I want to produce a .png of a raster with background values plotted as white space.

Below you can see the current state of the plot.

As you can tell, the pixels which should contain NA values, in fact register as a single value of 94. The issue is that running a simple replace via r[ r== 94] <- NA would also conceivably replace points within the raster. Also it's a 21GB raster, so this method would be computationally onerous.

I've produced four other .pngs from the same raster stack without this issue, as png(raster.png); plot(raster); dev.off() automatically produced white space for background values. Do you have any other suggestions for dealing with this, outside of a crop or something in photoshop?

cti plot

1 Answer 1


It seems like the band you are plotting does not have the NA values correctly specified, and has a value of 94 instead, otherwise its hard to explain how you get the above plot result. So you have to clean that data layer.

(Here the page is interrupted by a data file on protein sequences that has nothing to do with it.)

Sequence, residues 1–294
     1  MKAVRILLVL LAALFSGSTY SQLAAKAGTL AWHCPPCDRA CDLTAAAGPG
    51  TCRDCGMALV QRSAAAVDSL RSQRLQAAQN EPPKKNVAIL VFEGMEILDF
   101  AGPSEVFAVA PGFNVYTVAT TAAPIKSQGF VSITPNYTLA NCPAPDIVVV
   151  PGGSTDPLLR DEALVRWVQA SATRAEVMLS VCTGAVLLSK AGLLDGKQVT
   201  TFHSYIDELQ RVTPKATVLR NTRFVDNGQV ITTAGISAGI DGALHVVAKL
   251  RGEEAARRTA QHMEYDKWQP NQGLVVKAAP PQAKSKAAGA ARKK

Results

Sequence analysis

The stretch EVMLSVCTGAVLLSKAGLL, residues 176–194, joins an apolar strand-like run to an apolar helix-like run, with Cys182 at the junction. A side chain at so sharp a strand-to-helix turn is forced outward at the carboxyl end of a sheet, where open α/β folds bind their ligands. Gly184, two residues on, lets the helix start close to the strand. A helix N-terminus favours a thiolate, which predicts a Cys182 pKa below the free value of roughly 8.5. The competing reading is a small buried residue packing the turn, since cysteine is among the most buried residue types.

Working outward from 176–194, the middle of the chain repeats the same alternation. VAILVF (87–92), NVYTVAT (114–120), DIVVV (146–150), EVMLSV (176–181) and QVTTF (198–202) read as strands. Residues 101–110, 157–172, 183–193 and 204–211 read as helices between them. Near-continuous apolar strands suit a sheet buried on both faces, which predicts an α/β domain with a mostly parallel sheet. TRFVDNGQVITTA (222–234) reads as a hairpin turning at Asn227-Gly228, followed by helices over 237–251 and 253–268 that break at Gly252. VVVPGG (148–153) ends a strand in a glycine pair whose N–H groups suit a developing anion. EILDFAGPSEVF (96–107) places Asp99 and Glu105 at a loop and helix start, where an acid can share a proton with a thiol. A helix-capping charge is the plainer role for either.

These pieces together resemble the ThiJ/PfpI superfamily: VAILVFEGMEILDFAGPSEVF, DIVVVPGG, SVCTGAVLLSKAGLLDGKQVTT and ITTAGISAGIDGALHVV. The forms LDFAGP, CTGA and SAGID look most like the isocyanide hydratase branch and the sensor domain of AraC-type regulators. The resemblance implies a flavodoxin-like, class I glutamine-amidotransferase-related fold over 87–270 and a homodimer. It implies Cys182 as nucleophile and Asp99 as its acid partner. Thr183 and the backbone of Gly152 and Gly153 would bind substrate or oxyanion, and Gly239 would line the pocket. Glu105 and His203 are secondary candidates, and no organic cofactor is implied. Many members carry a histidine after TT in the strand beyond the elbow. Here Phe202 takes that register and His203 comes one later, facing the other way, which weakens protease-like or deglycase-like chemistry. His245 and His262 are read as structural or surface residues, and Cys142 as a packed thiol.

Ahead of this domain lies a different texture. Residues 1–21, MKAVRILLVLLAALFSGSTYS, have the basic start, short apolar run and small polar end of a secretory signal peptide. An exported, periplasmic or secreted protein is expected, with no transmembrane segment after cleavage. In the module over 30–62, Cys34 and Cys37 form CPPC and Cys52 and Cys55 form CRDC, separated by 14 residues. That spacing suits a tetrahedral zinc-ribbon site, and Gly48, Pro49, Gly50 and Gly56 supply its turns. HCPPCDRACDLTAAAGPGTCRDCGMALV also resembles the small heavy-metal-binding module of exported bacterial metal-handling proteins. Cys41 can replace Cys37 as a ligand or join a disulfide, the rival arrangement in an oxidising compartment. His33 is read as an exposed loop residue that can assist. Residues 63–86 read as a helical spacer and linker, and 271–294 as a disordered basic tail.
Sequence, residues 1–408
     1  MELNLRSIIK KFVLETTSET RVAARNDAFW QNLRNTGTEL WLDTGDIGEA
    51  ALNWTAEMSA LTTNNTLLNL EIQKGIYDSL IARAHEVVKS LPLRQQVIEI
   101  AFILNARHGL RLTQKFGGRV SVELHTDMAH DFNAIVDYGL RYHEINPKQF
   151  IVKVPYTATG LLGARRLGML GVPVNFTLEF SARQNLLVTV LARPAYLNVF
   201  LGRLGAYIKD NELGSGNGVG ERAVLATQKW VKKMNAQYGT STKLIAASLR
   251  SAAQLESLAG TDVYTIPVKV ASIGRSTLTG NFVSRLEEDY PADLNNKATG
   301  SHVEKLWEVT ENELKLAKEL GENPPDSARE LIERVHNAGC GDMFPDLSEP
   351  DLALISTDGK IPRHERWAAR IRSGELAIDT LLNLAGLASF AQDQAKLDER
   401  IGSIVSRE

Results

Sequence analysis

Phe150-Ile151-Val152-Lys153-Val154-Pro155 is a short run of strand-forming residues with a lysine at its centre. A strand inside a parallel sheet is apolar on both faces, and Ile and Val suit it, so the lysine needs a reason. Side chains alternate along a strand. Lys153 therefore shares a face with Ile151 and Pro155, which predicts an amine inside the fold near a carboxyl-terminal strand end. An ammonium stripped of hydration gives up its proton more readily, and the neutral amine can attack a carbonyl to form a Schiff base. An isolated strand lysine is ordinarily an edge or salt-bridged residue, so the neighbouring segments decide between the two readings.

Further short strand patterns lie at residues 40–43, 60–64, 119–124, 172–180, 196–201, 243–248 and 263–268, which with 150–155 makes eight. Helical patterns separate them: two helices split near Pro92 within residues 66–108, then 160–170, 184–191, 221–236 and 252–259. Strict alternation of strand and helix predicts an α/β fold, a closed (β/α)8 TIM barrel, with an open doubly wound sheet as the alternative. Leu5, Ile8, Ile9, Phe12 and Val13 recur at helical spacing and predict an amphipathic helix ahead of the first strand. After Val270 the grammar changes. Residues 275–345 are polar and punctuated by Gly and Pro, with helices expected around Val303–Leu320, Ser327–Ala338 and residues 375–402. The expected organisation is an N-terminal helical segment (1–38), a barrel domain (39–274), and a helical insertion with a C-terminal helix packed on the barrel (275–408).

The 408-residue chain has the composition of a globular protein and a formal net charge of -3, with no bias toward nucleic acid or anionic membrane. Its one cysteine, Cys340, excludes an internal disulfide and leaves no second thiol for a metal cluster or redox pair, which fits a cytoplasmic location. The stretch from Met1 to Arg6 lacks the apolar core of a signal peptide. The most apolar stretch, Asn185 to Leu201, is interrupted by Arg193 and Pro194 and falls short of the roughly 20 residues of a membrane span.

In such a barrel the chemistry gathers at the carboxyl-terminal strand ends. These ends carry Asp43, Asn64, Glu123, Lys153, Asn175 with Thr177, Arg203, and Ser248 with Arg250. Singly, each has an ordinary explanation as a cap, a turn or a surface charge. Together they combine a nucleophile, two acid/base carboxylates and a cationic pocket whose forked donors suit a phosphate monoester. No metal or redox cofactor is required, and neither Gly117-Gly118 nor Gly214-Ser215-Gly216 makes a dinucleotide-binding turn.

One option to do that could be to make an overlay with another band from the same raster. If you have another layer otherband with correctly specified NA values with the same "structure" as r (i.e. the NA values in another band are the same as in the one you show above), you could overlay those two.

rna <- overlay(r, otherband, fun=function(x,y){if(is.na(y)) return(NA) else return(x)})

If you want to try the conversion instead, I would suggest reclassification. The raster package has a memory efficient function for reclassification of rasters. Your could replace the value 94 with a NA value with the reclassify function.

rna <- reclassify(r, cbind(94, NA))
  • Does this work in reverse? If I want to assign a dummy value to NA values, could I use rev<-reclassify(rna, cbind(NA, 999))? Apr 4, 2018 at 14:41
  • I guess that should work - why don't you try it out?
    – yellowcap
    Apr 4, 2018 at 16:53
  • reclassify did work in reverse. I also notice subs for which the following is detailed: You could obtain the same result with reclassify, but subs is more efficient for simple replacement. Use reclassify if you want to replace ranges of values with new values. But all values were replaced with a value (not just NAs)... (although it is generally much, much faster than reclassify for simple replacement and it would be great to speed things up for NA replacement too) Apr 5, 2018 at 17:17

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